After a lengthy and exhausting campaign, one of the least likely outcomes in the ACT’s electoral history appeared to be in the offing: if David Pocock dislodges Zed Seselja for the ACT’s second Senate seat, it will be the first time since 1975 that Canberra has no federal Liberal representation.
At the close of counting last night, the independent and the sitting senator were neck and neck, with a margin of just under 2000 primary votes as the count see-sawed between the two.
The crucial difference will manifest itself in the preferences as the count goes on. Senator Seselja is likely to draw only on preferences from United Australia Party candidate James Savoulidis and a handful of minor candidates, while Mr Pocock will benefit from the Greens’ 10.5 per cent share of the vote, Kim Rubenstein’s 4.5 per cent and a plethora of second preferences from Katy Gallagher.
Despite some ripples of concern about a fractured progressive vote, it was clear relatively early on that Senator Gallagher’s quota was safe. She will become a senior cabinet minister when she is sworn in at Government House tomorrow with the new Prime Minister, Anthony Albanese.
The Senate count will take days if not weeks to finalise and it’s still mathematically possible, if very unlikely, that Senator Seselja could squeak through.
The mood was sombre at the Liberal Party’s election event at Realm Hotel last night.
Region Media arrived at 9 pm as previously arranged with Senator Seselja’s staff and was immediately asked to leave the room after being told that no media were allowed inside. No Canberra media were permitted to enter despite multiple attempts to report on the event.
It was a very different scene a few kilometres away at the QT, where hundreds of ecstatic Pocock supporters jammed two ballrooms and key campaign staff were in tears of joy and disbelief at the size of the primary vote.
Mr Pocock told Region Media earlier in the evening he hoped the success of independent candidates across the country would demonstrate a need for change in “how politics is being done” in Australia.
“I think you’re seeing people being sick of being taken for granted, sick of the big issues being politicised by both sides of politics,” he said.
Independent Kim Rubenstein and Green Tjanara Goreng Goreng were also upbeat and positive about being part of a wave of change despite not receiving the primary votes they’d hoped for.
Professor Rubenstein hoped that no matter who won the Senate race, some of her policies, including a climate compact and greater representation for the ACT in the Senate, might be adopted.
Dr Goreng Goreng was also enthusiastic about the mood across Canberra.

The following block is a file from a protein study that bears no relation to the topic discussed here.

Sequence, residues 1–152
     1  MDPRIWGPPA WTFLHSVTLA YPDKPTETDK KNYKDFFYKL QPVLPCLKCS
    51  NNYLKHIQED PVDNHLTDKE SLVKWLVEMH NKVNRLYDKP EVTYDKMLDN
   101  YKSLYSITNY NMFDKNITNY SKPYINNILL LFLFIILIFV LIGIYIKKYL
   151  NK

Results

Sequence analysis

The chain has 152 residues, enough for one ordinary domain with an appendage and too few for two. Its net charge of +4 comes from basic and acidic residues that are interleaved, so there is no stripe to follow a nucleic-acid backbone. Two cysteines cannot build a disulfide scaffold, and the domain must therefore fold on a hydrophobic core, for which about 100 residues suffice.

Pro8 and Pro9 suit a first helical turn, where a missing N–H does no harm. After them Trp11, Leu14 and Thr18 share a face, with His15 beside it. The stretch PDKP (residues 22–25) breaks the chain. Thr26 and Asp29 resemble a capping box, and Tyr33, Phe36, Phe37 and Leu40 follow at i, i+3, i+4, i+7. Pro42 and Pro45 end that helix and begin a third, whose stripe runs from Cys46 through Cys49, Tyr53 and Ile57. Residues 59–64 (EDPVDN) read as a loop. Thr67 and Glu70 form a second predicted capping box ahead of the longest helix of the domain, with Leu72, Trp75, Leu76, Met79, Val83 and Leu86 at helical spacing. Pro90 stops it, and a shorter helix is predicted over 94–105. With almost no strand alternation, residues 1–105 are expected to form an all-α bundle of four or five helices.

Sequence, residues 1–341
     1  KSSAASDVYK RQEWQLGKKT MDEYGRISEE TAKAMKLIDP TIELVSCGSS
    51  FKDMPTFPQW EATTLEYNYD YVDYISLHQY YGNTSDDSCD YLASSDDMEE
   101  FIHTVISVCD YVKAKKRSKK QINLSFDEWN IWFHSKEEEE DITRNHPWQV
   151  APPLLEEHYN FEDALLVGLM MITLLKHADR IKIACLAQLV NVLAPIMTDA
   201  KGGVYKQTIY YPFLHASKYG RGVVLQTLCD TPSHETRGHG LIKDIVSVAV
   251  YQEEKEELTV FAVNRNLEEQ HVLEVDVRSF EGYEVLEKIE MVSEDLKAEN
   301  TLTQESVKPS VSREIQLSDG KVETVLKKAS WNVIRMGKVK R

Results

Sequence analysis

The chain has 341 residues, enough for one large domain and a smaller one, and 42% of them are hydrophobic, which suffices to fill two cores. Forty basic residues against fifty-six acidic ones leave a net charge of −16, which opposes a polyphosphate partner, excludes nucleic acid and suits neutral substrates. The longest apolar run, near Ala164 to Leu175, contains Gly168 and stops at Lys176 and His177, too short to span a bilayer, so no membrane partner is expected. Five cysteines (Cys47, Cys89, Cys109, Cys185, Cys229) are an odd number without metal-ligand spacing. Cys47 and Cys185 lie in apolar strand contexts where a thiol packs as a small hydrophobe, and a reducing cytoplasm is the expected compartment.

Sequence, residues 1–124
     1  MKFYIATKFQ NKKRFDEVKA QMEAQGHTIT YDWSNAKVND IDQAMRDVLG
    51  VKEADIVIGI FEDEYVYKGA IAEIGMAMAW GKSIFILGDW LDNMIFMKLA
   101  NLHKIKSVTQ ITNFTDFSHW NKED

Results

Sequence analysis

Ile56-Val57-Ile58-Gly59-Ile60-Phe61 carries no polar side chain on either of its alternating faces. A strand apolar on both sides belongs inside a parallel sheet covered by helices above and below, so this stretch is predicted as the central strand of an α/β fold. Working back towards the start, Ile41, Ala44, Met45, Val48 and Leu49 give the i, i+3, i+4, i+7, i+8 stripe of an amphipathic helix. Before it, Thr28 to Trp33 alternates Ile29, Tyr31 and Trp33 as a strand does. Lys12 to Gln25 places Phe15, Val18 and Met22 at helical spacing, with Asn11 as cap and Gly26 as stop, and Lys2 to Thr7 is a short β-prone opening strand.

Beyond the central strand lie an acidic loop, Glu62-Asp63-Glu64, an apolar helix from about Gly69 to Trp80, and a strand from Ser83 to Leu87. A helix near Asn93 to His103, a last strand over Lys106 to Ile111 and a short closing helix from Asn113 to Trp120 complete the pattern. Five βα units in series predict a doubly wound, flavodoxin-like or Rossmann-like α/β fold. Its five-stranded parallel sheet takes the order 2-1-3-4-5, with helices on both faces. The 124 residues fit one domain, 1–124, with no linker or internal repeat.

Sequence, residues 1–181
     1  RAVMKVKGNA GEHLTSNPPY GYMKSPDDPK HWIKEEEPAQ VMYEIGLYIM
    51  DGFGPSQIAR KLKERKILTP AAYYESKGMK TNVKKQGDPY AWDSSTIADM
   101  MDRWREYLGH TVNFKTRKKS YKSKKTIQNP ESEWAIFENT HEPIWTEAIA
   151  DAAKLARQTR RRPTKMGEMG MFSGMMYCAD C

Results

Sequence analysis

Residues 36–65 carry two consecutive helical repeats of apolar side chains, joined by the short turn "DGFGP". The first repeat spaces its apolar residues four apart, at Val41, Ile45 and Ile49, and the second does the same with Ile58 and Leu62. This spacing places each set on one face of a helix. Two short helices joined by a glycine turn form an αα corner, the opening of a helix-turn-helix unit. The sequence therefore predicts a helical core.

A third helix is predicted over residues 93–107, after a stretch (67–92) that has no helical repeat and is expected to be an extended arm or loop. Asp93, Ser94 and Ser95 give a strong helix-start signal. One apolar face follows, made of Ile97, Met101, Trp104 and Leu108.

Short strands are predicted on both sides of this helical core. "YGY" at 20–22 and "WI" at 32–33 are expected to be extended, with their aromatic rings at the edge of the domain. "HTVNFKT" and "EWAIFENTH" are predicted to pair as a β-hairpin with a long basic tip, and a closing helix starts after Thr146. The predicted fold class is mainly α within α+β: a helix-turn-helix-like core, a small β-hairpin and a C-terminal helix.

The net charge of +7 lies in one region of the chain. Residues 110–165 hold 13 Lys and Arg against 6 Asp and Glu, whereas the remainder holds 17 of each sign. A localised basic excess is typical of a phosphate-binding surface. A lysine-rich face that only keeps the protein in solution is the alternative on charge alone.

“There’s a lot of people in Australia who don’t want the Liberals or this Prime Minister. In the end, that’s what it’s about, they’ve seen too much they don’t trust,” she told Region Media.
“You lie in the bed you make.”
It was apparent early in the night that all three Labor candidates in the House of Representatives had been returned easily.
Although the Greens could not replicate the tidal wave of support they received in the ACT local elections, much of Labor’s competition came from their local partners rather than the Liberals, whose candidates ran virtually unnoticed.
In the central seat of Canberra, Alicia Payne will comfortably retain her seat but faced an 8.4 per cent swing away from her by the close of counting. High profile Greens candidate Tim Hollo, who had hoped he might be able to capture the seat, polled 26.9 per cent, well ahead of Liberal Slade Minson on 19.9 per cent.
In the southern Canberra seat of Bean, David Smith has benefitted from a 5.5 per cent swing towards Labor. Frequent candidate Jane Hiatt sat on 29.6 per cent of the vote in what’s usually Liberal heartland for the ACT, while Greens candidate Kathryn Savery’s 14.6 per cent of the vote is likely to ultimately benefit Mr Smith.
While not troubling the result, independent Dr Jamie Christie received a noteworthy 8.1 per cent of the vote, making some early waves with a swing in Norfolk Island, which is part of the federal electorate.
Andrew Leigh also has a large margin in Canberra’s north with a 5.6 per cent swing towards Labor in Fenner. Greens candidate Natasha Sojis garnered 16.7 per cent of the vote at the close of counting and Liberal Nathan Kuster received 27.6 per cent of the total. It will be Dr Leigh’s fifth term in the House of Representatives.